We all need to take a moment and remember the sacrifices others have made in the fight for medical cannabis.... You will not be forgotten...someone should name a strain after this hero

DIANA, Samuel Dean
6-8-1949 - 2-16-2011

Samuel Dean Diana was born in Spokane to Carl and Oliven M. Diana. He went to St. Charles, Glover, Shadle and graduated from North Central in 1967. He attended Spokane Falls and Radio Broadcast School for short periods.
Sam was formally diagnosed with M.S. in 1969, but was drafted into the Marines anyway. He came home a month later with his first major exacerbation of M.S., which was obvious by its symptoms ever after.
Sam was well known as a fighter in high school, and thereafter, as an inspiring and courageous fighter of his M.S. Sam had difficult moments when his words could hurt, but he was mostly a gregarious person, and an inspiration to many, with a heart and soul full of peace, love and rock and roll.
In 1981 Sam became famous as the first person to establish "Medical Necessity" for his medical use of marijuana for his M.S. in the State and U.S. His battle has helped multiple medical marijuana patients, and has helped change society's attitudes.
More notable was Sam's extraordinary courage, persistence and perseverance in his battle with M.S. He had a love of life, a love of people and nature, and great appreciation for the kindness and assistance of others. Despite occasional harsh words fueled by pain and frustration over his ever declining physical ability, Sam usually was silent about his pain, and seldom complained unless things were really bad. In truth, Sam really was a big softie.
Sam broke a leg when bucked from his wheelchair on February 13. His health spiraled, and after his last valiant battle, he passed away in the presence of his family.
Sam was one of a kind and will be truly missed!
Sam was preceded in death, by his parents and brother Tony. He is survived by his brothers George and Carl J. Diana, his sister Mary Diana Harris, numerous nieces and nephews, a grandniece and grand nephew, two uncles and an aunt.
An informal memorial service shall be held for Sam on Saturday, March 5, 2011, at 2:00 p.m., at the Sunset Memorial Chapel at Fairmont Memorial Park, 5200 W. Wellesley, Spokane. Sam's ashes will be buried at Spokane Memorial Gardens at a later date.
The Diana family extends its sincere appreciation to Sam's many friends and caregivers, whose efforts and company made Sam's long survival possible, and to the entire Sacred Heart family for its sensitive care without regard to Sam's resources.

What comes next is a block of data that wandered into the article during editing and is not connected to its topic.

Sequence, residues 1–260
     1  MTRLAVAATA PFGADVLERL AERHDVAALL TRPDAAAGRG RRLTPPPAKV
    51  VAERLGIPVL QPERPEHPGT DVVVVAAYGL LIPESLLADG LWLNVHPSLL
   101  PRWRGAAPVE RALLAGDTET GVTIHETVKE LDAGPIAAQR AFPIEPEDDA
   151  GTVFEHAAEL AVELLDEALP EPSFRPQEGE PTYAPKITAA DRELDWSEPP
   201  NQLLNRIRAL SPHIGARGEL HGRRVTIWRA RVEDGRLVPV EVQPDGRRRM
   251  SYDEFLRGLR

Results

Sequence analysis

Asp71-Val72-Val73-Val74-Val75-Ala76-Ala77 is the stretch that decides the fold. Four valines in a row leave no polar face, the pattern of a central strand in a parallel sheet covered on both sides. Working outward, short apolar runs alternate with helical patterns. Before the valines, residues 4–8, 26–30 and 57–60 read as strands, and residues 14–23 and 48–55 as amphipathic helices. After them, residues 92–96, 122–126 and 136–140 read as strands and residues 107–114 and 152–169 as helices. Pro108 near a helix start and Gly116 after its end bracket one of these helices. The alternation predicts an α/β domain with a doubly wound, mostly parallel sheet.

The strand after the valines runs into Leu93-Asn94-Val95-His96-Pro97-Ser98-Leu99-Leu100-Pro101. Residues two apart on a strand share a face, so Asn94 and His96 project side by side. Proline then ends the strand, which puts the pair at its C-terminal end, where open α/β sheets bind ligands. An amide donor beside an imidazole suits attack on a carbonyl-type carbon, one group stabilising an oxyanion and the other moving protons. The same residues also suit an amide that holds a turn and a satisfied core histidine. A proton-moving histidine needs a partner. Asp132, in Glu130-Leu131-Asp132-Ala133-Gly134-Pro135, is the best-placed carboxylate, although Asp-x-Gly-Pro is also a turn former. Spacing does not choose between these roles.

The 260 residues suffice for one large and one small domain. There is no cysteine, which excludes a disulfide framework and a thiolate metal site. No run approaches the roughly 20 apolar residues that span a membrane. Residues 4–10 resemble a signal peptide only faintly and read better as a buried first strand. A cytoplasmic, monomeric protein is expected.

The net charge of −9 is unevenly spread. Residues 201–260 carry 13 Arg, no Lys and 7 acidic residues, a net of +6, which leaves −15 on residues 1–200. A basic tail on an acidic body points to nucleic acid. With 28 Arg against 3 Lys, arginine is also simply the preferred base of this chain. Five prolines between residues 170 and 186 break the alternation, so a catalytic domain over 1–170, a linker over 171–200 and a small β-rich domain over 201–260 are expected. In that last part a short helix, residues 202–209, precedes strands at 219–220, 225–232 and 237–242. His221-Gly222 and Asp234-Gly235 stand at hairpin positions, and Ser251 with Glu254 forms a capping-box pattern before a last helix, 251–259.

Instead of flowers, memorial contributions may be made to the M.S. Society in Sam's name.


Sams Story:
He was a football player and wrestler at Shadle Park High in Spokane, Washington in the early 1960s. By his senior year, the hard-fisted party animal had contracted multiple sclerosis. His malady went undiagnosed, even after paralysis claimed one half of his body. Sam did not know he had MS, nor did anyone else. Suddenly and mysteriously, he recovered.

Months into the first remission, Sam had yet to learn the name of his medical condition. His medical history didn't stop the Marine Corps from drafting Sam Diana in 1969. After 31 days of extreme physical exertion in boot camp, Sam, the once-tough-guy, wrestler, football player and Marine-in-training, couldn't walk, keep his balance, talk without a noticeable slur, eat more than a bird, or control his bowels.

The Marine Corps mustered him out and sent him home. What's a guy to do?

What Sam did was smoke some marijuana at a beer-drinking party with friends. "I saw God," said Sam during our recent interview. "Smoking it made me feel better instantly . . ."

If 'God saw Sam', the heavenly prescription for relief from severe 'spasticity' must have been marijuana. Smoking marijuana in Spokane in 1970 was a crime as it is now, but 20 years ago Sam was the only one convinced that it was helping him make it through each day.

"My friends, family and medical professionals eventually believed me," Sam explained, "but not without a long fight with some of them."

Medical benefits of marijuana are scientific fact at present, and a recommended course of treatment for the sufferers of Multiple Sclerosis. That was a road that Sam would help pave, but first, to appease loved ones and doctors, Sam tried other treatments for relief. In 1970 he was prescribed B-12 vitamins and cortisone, "with understanding that the vitamins would help the corroding myelin and the cortisone would decrease the numbness," said Sam. "The treatment proved ineffective."